Wilcox planned to observe the San Clemente farm for two years.  However, in January 1975, a corner anchor broke loose from the bottom and the submerged rope grid floated to the surface, where it was destroyed by a passing ship or by wave action.  The other two farms experienced similar fates: the Corona Del Mar structure disappeared without a trace and the Catalina farm grid was destroyed by wave action.  Although none of these early ocean farm experiments were successful, North was able to accumulate some data on nutrient uptake in an open ocean setting.  More importantly, an increasingly realistic interpretation of farm structure design, construction, and particularly anchoring requirements was gained.  Preliminary results also indicated that fish grazing pressures were low on the farm, compared to those in natural beds nearby.

Phase two of Wilcox's plan called for the construction of a Quarter Acre Module (QAM), designed to accommodate kelp plants in deep water.  In the future, Wilcox envisioned that many of these modules would be combined to form a large marine farm.  The QAM design was much sturdier than the grids of 1974 and included diesel engines to pump nutrient-rich water from depth to feed the plants.  The Gas Research Institute (GRI), a research arm of the American Gas Association, engaged the General Electric Corporation (GE) to build the QAM.  QAM's design resembled an open umbrella, suspended point first beneath the surface.  During the first six months of 1978, the final design of the test farm was completed, along with plans for its construction and deployment.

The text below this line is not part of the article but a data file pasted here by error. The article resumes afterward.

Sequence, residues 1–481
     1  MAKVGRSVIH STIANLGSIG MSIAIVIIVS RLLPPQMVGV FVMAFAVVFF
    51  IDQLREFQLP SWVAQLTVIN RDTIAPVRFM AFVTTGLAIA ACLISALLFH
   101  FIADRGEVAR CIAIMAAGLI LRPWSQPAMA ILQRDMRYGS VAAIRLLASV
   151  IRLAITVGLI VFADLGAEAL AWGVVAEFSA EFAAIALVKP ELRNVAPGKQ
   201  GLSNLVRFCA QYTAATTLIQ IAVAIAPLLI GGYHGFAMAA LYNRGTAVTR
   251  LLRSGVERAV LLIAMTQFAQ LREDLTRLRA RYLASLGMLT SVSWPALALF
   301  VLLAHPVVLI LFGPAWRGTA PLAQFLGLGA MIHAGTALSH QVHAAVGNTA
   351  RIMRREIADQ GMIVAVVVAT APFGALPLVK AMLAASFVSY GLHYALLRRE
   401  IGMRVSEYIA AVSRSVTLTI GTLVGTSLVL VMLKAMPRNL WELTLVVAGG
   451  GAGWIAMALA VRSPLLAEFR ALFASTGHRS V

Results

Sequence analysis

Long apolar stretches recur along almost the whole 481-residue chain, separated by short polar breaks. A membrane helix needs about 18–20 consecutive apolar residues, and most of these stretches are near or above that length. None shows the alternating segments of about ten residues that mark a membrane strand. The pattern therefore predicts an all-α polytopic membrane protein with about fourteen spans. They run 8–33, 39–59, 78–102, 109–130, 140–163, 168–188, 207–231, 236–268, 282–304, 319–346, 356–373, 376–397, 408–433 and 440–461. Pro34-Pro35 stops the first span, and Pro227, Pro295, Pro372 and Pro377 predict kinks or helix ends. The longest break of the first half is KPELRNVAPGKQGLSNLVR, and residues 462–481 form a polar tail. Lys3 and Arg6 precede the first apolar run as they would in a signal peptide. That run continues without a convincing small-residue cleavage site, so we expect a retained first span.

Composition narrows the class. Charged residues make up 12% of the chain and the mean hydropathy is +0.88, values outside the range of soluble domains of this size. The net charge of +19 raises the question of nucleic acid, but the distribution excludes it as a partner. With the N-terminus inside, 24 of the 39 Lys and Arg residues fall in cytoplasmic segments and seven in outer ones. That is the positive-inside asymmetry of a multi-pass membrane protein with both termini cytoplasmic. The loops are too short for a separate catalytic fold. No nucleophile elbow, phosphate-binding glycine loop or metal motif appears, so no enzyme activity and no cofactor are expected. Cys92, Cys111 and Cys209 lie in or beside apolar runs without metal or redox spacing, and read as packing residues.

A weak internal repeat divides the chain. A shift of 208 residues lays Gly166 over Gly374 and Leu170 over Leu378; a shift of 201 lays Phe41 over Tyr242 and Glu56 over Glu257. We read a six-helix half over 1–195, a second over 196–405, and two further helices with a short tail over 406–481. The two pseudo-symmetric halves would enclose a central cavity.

The test farm was composed of four major sections: mooring, machinery buoy and substrate arms, upwelling pipe, and a protective curtain.  The mooring system, designed to hold the QAM in place five miles off of Laguna Beach, CA, was composed of three sixteen-foot-diameter buoys, each connected to a 15,000 pound anchor.  The three anchors were placed at the vertices of an equilateral triangle that was 550 feet on each side.  The main part of the QAM structure consisted of the machinery buoy and substrate arms.  The buoy contained two diesel engines used for artificial upwelling, and also provided support for the substrate arms that were designed to hold up to 150 adult kelp plants.  The substrate arms consisted of six sixteen-meter-long, tapered stainless steel poles, attached to the base of the machinery buoy.  Strands of polypropylene line connected the arms to each other and also served as a substrate for the kelp seedlings.  Together, the machinery buoy and attached substrate arms had a dry weight of 110,000 pounds.